Open up the trade register, argued Arjan El Fassed today in Dutch daily NRC Handelsblad.
The Dutch Chamber of Commerce (‘Kamer van Koophandel’ or in short KvK) recently took a lot of effort into advertising its own app. “Now all companies are always with you” said banner ads on Facebook and Twitter, “Direct access to register information from the trade register”. This is misleading. In the Netherlands you still have to pay charges and buy information from the trade register, per business or organisation. Those purchases are charged per search.
This year everyone in the UK will have free access to the information of registered businesses and organisations. The British Trade register, Companies House, stopped collecting money for each information request. Also the data of the French Chamber of Commerce will now be freely accessible. No copyrights rest on this data. Opening up public information will clear the way to all kinds of innovative apps and tools. This is just an example of how machine-readable data creates a new economy.
The government in the UK, France, but also in Belgium, Norway andDenmark, believe that the value of trade register data is not in asking for a contribution for every document, but in opening it up entirely. As a British top official said:
Disclosing this data makes the Companies House a transparent, efficient and effective place to do business.
In the Netherlands the Chamber of Commerce is financed by the Ministry of Economic Affairs with public funds and with the merits of the registration costs for businesses. This goes hand in hand with a lot of advertising. And like formerly in France and the UK everyone who requests information from the Trade register has to pay for these public data. It is time for the Netherlands to follow the example of its surrounding countries. While in those countries more and more governmental data is available as open data, the Netherlands is working on a change in the law that will actually be a step back.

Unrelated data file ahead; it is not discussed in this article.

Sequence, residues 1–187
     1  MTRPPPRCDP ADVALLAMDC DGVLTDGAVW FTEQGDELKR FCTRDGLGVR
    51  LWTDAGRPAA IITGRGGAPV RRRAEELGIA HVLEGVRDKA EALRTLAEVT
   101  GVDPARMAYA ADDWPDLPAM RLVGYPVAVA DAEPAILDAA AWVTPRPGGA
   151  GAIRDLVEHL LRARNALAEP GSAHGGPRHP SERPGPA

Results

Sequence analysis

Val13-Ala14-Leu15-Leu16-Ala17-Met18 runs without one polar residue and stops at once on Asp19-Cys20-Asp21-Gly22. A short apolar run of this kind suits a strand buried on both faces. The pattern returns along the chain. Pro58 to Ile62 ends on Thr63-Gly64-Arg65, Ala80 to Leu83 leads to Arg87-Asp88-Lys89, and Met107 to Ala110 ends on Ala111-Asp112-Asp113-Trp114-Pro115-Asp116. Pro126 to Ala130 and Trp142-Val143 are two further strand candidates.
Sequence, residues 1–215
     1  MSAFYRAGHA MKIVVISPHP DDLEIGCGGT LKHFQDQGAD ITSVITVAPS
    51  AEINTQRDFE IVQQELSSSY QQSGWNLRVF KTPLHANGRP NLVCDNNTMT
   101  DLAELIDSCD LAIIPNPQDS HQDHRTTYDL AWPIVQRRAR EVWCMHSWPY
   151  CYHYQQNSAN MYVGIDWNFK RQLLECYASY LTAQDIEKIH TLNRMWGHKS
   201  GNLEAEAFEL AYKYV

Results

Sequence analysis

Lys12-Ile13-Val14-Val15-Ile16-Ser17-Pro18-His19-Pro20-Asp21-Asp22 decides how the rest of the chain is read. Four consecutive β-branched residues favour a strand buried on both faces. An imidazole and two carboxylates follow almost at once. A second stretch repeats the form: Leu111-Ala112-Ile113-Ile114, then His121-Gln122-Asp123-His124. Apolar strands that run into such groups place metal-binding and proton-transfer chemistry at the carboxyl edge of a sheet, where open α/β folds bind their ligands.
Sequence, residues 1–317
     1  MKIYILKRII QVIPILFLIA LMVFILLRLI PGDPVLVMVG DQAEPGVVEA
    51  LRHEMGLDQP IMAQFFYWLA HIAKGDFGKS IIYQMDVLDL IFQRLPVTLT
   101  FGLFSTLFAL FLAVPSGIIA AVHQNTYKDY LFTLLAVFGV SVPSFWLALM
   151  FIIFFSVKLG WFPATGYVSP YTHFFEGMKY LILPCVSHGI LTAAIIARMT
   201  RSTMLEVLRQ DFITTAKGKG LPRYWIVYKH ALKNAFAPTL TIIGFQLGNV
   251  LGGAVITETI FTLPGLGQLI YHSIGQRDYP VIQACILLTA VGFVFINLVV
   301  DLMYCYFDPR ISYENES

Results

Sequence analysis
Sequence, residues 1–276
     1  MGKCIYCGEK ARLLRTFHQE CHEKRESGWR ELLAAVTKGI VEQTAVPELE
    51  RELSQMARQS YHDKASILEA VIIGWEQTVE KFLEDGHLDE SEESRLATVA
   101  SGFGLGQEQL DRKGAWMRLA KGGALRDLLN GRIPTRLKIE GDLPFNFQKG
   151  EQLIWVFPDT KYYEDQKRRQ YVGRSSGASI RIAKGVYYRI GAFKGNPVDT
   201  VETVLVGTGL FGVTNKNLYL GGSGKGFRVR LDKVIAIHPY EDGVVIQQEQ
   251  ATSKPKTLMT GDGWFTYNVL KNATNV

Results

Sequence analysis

Although the Netherlands Court of Audit has recently recommended the government to minimise the tariffs applied to the trade register, the Chamber of Commerce will reserve database rights with this law change, meaning an exclusive right to the data. And as local governments will be exempted from paying fees for the data, ordinary citizens and entrepreneurs will pay double.
The Chamber of Commerce monopolised the data from the trade register and has undertaken a variety of commercial activities that have nothing to do with their core business: the trade register. By monopolising public information the Chamber of Commerce disturbs the market. After all, other parties do not have access to the information of trade register.
The trade register law from 2007 needs an upgrade. As the basic companies register it should be authentic and it should be publicly accessible for everyone. Opening up the data leads to innovation, it strengthens the economy and improves trade.
Arjan El Fassed is ceo of the Open State Foundation. A different version appeared this week in the Dutch newspaper NRC Handelsblad.